Log Cabin Chronicles

The Old Man

JOHN MAHONEY
Illustrations by Michael Mahoney

It was early Spring before I went back to see the old man. I walked up the path he had trudged pixthrough the snow on his trips to the mailbox. Scattered beside the path were bits of cracked corn he had put out for the birds and the grey squirrel. The sun beat on the weathered clapboards at the back of the house. The ice on the porch roof was melting and dripped steadily onto the wooden steps. They would glaze over as soon as the sun went behind the woodshed.

His porch radiated the quiet beauty of a respected and long-used place. The woodbox overflowed with dry splits for the kitchen stove. The handle of the axe leaning in the corner was worn smooth.

His rubber boots were centered under the porch broom hanging next to the storm door. The small window in the door was cracked. It had been patched with masking tape but the upper corner had lifted and was beginning to peel.

A dead vine still clung to the string he had stretched from the porch to the eaves for her morning glories to climb. Even when the time came that she had to use a walker to get to the toilet, she would inch painfully across the porch to inspect her flowers.

He was very considerate, those last months. He had always been decent and correct but as he watched her die, a tenderness that I had never sensed before set in.

At the end he sat for hours beside her bed. She had always been a slight woman; by then she scarcely rippled the covers. He could only see the wide grey eyes and her terrible fear of being alone.

pixOn the day after she died he was in the garden shortly after sunrise. The cooch grass had gotten ahead of him. He started weeding in her flowers. I found him in the onions. He was surrounded by mounds of limp weeds. He was sweating.

"Hot day," he said.

I nudged a pile of weeds with my boot.

"Too hot for that. I brought you some bread. It's still warm. Be nice for lunch."

"Much obliged," he said. "Leave it in the kitchen, will you?" He grubbed out a dandelion.

"No problem." I put it on the countertop, next to the toaster. The shades were still drawn in the narrow bedroom off the kitchen. The house needed a good airing.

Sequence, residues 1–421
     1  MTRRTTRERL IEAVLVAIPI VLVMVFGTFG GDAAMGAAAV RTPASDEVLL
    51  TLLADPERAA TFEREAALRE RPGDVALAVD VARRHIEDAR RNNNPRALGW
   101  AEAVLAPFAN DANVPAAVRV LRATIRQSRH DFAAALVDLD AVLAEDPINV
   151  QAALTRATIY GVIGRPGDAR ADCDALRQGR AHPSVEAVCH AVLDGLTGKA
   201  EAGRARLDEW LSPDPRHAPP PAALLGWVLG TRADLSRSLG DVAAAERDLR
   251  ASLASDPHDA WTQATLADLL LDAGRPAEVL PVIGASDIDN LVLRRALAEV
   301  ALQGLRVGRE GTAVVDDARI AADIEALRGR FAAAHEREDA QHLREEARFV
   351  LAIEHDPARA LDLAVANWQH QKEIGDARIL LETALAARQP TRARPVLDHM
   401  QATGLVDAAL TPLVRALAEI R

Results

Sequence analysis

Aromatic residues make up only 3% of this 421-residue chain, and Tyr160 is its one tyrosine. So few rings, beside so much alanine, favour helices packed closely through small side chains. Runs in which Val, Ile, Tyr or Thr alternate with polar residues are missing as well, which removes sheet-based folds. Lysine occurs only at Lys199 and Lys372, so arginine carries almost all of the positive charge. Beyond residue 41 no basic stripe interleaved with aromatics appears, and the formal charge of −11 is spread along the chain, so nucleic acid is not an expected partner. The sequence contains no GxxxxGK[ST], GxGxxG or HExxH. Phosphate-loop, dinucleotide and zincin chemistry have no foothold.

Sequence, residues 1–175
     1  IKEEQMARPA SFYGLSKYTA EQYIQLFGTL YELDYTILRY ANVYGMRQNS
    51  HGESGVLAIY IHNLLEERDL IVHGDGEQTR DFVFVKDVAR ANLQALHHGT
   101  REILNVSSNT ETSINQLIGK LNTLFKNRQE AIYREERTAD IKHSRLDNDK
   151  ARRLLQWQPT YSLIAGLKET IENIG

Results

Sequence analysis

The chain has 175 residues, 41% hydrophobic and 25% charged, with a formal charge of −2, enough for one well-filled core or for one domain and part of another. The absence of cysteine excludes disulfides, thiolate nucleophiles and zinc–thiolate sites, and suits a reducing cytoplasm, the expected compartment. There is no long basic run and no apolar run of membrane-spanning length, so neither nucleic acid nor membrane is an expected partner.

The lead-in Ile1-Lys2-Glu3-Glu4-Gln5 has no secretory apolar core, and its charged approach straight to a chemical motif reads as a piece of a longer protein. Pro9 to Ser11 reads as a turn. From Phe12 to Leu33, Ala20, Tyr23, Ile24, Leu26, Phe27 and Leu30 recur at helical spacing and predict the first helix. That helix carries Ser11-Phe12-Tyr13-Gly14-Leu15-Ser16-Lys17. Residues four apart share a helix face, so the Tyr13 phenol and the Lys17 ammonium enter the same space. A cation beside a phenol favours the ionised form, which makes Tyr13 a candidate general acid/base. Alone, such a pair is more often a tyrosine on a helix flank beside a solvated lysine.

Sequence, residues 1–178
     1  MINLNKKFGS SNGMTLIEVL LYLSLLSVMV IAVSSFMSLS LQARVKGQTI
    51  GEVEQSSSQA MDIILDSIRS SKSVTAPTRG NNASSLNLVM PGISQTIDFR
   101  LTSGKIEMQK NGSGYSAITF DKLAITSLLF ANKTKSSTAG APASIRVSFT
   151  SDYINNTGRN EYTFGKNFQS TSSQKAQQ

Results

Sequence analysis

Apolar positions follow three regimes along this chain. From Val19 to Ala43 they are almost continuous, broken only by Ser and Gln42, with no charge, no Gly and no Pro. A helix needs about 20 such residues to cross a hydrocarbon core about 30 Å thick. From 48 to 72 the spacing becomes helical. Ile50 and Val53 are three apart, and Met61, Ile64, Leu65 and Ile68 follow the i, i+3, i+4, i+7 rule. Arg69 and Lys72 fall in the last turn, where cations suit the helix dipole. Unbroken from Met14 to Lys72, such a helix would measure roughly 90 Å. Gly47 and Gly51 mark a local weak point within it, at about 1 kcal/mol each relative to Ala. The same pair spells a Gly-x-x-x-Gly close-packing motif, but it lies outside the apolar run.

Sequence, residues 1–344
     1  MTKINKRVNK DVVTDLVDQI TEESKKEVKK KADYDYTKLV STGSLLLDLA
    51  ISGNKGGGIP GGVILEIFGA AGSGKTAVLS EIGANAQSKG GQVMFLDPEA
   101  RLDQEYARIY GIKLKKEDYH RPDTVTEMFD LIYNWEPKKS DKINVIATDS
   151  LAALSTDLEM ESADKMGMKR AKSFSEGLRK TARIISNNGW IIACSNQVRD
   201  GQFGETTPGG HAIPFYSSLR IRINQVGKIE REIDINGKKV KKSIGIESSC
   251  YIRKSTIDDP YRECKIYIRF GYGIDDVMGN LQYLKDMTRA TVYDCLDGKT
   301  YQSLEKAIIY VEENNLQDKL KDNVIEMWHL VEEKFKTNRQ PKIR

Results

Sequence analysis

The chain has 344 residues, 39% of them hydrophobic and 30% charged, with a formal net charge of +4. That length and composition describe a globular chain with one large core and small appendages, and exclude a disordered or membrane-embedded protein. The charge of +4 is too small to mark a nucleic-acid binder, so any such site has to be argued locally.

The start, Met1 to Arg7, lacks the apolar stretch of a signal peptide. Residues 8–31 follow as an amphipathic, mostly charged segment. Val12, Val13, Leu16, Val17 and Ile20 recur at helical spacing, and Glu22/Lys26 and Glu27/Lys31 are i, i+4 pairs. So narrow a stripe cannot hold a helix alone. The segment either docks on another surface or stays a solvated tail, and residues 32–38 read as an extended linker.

I called goodbye and waved, but he didn't look up.

I saw him in the summer and twice that fall, and we had a good visit before the holidays. It would be his first Christmas in fifty years without Helen, but he seemed in good spirits. He didn't mention her . When we parted I said I would be back soon but the months just evaporated.

He must have heard me cross the porch because as I reached out to knock he opened the door.

pix"Come in," he said. "Nice to see you. Have a seat."

I sat as far from the cookstove as I could. The kitchen was sweltering. There was a faded red union suit and a pair of wool socks drying behind the stove. They had seen better days.

"How are you getting along?" I asked.

"Fine."

"Guess you had enough wood this winter."

"Yes, I'm two years ahead. Don't like to burn green wood."

"Too much creosote," I said. "By the way, did you hear Chinny Buzzell burned out? Lost everything."

"Chimney fire?" he asked.

"That's what they say."

"Don't burn greenwood," he said.

"I started my tomatoes," I said. "But I'm cutting back this year."

"A lot of work," he said.

"Enough."

"Taste nice, `though ."

"Are you going to make a garden?," I asked.

"Oh, I guess so."

"What about peppers and tomatoes?"

"Started mine last week," he said.

"I should have known. Never have gotten a jump on you."

pixHe smiled, complimented."Have you tapped out yet?"

"I thought I'd start tomorrow."

"How many buckets are you going to hang?"

"Two hundred."

"Got enough wood?"

"Yes. I got some slabs last fall."

"Where did you get 'em?"

"From Albert," I said.

"Is he sawing this year?"

"As far as I know."

"I wouldn't mind some. Make good kindling."

"They'd need bucking up," I said.

"Would you have time? I can split them."

"Sure," I said. "After haying. Tell me, if you had it to do again, would you move way out here?"

"No, I wouldn't."

"What would you do?"

"I'd do something in business, make some money."

"But you don't need money, do you?"

"No. It's not the money." He leaned forward. "It's the getting of it that would have been interesting."

"Do I hear regrets?"

He shook his head. "Too late for that."

We sat in silence, then I told him there was to be a summer wedding in our family. "They're being married down east ," I said. I'll have to find someone to do chores."

"That's a long way to go."

"It's not that far. Look where you went when your daughter was married."

"We didn't go," he said.

"You didn't?"

"The wife wanted to go. I told her to."

"How come you didn't go?"

"The tomatoes were coming in," he said.

"The tomatoes," I said.

"Yes, it was always something."

"What does that mean?"

"She wanted to go when Bobby was married but it was mud season and the roads were bad. When the girl was born it was the wood. I didn't have it all in."

"That must have been a first for you."

"We had plenty for that year. I was working on the next year."

"What did Helen say?"

"She cried. She cried and said, `But they named her after me.' She should have gone."

"What about you?"

"Oh, I don't care about going places. Always too many people, too many cars. All this moving around. I don't know why they just don't stay put."

"Well, we're looking forward to the wedding," I said. "And the trip."

"You should go. If she were here she'd go."

"Will you come?"

He rocked some, then leaned back and smiled. "Actually, I'd give five hundred dollars not to have to go."

"That's very generous of you," I said. "They certainly will be able to use it."

He turned his head sharply and looked directly at me for some time. Then he nodded. "Fair enough," he said. "Done."

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Copyright © 1996 John Mahoney/Log Cabin Chronicles/05.96